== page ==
Symptoms Of Vulva Cancer
Early Signs Of Vulvar Cancers

Vulvar Cancers Pictures of vulvar cancer symptoms

Picture of Vulva Cancer

Symptoms Of Vulva Cancer


What Are The Signs Of Vulva Cancer?
What Symptoms Can I Expect?
Comparison of Gynecologic Cancer Symptoms

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Guide To Cancer of the Vulva

What Are The Signs Of Vulva Cancer?

The sooner cancer of the vulva is diagnosed, the faster it can be treated and the better the patient's prognosis (see vulva cancer survival rates). The early stage of the disease is called vulvar intraepithelial neoplasia (VIN), also known as carcinoma in situ (and formerly Bowen's disease). VIN is generally considered the pre-cancer stage to vulva cancer, much like VAIN is to vaginal cancer and CIN is to cervical cancer. VIN can cause a burning and itching sensation in the vulva tissue which may be mistaken for less serious problems like vaginitis or yeast infections.

In fact many women with the condition initially self-medicate with yeast infections treatments and only seek medical advice when symptoms do not clear. VIN is usually easily detected during a pelvic examination by the presence of white patches of raised skin. A biopsy will need to be carried out to confirm a clinical diagnosis. Fortunately, even if some women miss the early signs of vulvar cancer the prognosis is usually good. Vulvar cancers develop very slowly and do not spread to other parts of the body until the disease is quite advanced (see vulva cancer staging). About 20 percent of patients do not experience symptoms before being receiving a vulva cancer diagnosis.

What Symptoms Can I Expect?

As there are a few different types of vulva cancer, the symptoms can vary slightly. The following is a list of the most common signs according to type of cancer present:

Squamous Cell Carcinoma

The vast majority of vulvar cancers are squamous cell carcinomas. If they are found in the early stages they are highly curable. Signs include the discovery of one or all of the following:

Reddish, pink or white lumps of excess tissue growth found in the vulva tissue, called nodules.
Lumps which can look like warts and have a raw surface if they have burst (ulcerated).
White Patches
Rough patches of raised vulva skin which look white in appearance.
About half of patients complain of pain or itching (although this may be attributed to a less serious condition called vulvodynia).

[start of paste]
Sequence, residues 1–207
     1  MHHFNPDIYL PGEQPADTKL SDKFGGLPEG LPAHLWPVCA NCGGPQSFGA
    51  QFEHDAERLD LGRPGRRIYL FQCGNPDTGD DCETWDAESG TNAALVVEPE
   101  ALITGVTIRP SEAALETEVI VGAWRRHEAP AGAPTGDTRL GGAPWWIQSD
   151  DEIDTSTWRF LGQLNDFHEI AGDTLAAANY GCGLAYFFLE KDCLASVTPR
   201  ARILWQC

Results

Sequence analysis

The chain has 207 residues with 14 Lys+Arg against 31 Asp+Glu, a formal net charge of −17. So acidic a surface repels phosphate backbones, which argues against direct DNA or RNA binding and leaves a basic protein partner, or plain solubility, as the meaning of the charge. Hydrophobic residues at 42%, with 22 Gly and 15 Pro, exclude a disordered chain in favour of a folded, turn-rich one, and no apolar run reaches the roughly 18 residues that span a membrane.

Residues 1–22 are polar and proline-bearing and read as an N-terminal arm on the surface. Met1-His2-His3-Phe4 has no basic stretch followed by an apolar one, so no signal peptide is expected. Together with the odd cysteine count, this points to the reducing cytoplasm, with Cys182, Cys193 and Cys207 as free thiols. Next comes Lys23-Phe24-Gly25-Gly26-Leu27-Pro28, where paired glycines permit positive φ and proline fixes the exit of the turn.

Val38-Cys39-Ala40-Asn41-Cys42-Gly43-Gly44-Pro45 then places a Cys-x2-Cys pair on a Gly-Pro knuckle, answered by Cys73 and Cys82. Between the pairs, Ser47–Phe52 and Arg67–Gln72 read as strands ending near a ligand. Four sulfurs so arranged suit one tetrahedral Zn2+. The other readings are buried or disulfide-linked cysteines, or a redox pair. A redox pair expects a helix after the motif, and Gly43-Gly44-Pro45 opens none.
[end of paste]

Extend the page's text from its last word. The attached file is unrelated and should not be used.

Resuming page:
Other possible signs include:

Painful Urination
Also known as dysuria, painful urination is another sign; although more common causes for it are interstitial cystitis, STDs, urinary tract infections and vaginitis.
Pelvic Pain
Also known as dyspareunia, pain can occur in the pelvis during or after sexual intercourse.
There may be light spots of blood if lumps become ulcerated.


Adenocarcinoma accounts for about 8 percent of all vulvar cancers. Sometimes adenocarcinoma develops in the Bartholin glands which are located near the entrance of the vulva. This can result in a thickened mass on either side of the opening of the vagina. This may be mistaken for a vaginal cyst. Adenocarcinoma which develops in the sweat glands of the vulva skin is called Paget disease. This can cause red scaly skin which burns and itches.

Vulva Melanoma

The appearance of a new darkened area of skin or lump is a classic sign of this disease – or a change in an already pre-existing mole. One significant study of women with vulva melanoma reported that 15 percent of patients had a family history of melanoma (skin cancer) and that the primary location of melanoma was the clitoris followed by the labia. Researchers reported the following frequency of symptoms in patients:

Pruritus (itching): 23 percent.
Mass, swelling or lump: 23 percent.
Bleeding: 17 percent.
Lesion found in routine examination: 15 percent.
Lesion found by the patient themselves: 15 percent.
Sore that would not heal: 3 percent.
Alternation in urination stream: 3 percent.

Basal Cell Carcinoma

This is an extremely rare form of vulva cancer. A typical sign is a patch of painless red lumps or ulcerations.

Comparison of Gynecologic Cancer Symptoms

All women should pay attention to their body so they will be able to spot changes if they occur. For example, carrying out a vulva self examination (VSE) on a regular basis will help you become familiar with your reproductive area. To find out how to do a VSE, see our article: Vulva Cancer Prevention.

The following is a useful guide to the different symptoms for each gynecologic cancer.

Symptoms Cervical Cancer Ovarian Cancer Endometrial Cancer Vaginal Cancer Vulva Cancer
Abnormal vaginal discharge or bleeding Yes Yes Yes Yes  
Pelvic pressure or pain   Yes Yes   Yes
Back or abdominal pain   Yes      
Bloating   Yes      
Change in bowel or bladder habits   Yes   Yes  
Itching or burning vulva         Yes
Changes in vulva skin, sores, warts         Yes

Next: Read about Vulva Cancer Treatment.

  Related Articles on Vulvar Cancers

For more information, see the following:

Thermography Screening
Causes of Vulva Cancer
Recurrent Vulva Cancer

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